New power to tackle street drinking and anti-social behaviour
Arun District Council will have more power to tackle street drinking and persistent anti-social behaviour from mid-April when a new order is introduced.
The Public Space Protection Order [PSPO] will make it easier for the police and authorised council officers to confiscate alcohol from those behaving anti-socially and also to disperse groups of people in areas of Littlehampton and Bognor Regis who are being disruptive.
The PSPO requires:
- Persons to surrender any open container of alcohol on request
- Persons to comply with a request to open liquids to identify alcohol
Anyone who does not comply with a request to surrender open containers of alcohol and / or leave an area when directed to do so may face arrest or a hefty fine.
The PSPO can be viewed in full here: Public Space Protection Order.pdf [pdf] 910KB
This enforcement is part of a multi-agency strategy to tackle and reduce the amount of street drinking in areas of the district, and the impact it has on others.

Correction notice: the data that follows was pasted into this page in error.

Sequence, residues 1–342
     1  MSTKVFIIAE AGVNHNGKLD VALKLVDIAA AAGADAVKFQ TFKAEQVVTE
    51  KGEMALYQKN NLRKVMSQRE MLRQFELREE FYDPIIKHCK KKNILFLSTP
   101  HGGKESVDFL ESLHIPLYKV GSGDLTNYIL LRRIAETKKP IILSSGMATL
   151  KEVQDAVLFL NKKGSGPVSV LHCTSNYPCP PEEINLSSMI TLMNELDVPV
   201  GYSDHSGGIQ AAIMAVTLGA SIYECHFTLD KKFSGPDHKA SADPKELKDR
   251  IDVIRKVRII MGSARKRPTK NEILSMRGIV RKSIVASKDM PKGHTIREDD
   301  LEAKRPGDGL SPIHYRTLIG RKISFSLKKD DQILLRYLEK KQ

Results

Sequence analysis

The strategy, set to come into force on 10 April 2017, also involves working alongside other teams to ensure that residents are receiving specialist treatment and support for their addictions.
A three-month consultation held last year showed that the majority of those who responded were in favour of the PSPO being introduced. The order will replace older legislation but with additional power to disperse groups acting in an anti-social manner, whether drinking alcohol or not, and direct them out of an area.
Councillor Paul Wotherspoon, Arun District Council’s Cabinet Member for Community Services, said: “Working alongside Sussex Police, partner organisations and our residents, we are committed to reducing anti-social behaviour in our town centres.
“By targeting known problem-areas within designated areas of Littlehampton and Bognor Regis identified in the Order, we believe we can combat the problems we have seen with groups congregating to drink alcohol and intimidating others trying to use these public areas. The power to disperse people causing anti-social behaviour is vital to disrupting and restoring order in areas used by the public.
“However it must be stressed that the power is discretionary, so alcohol will only be taken away from those people causing a problem. Working with other services, the Council will continue to support anyone wishing to tackle alcohol abuse.”
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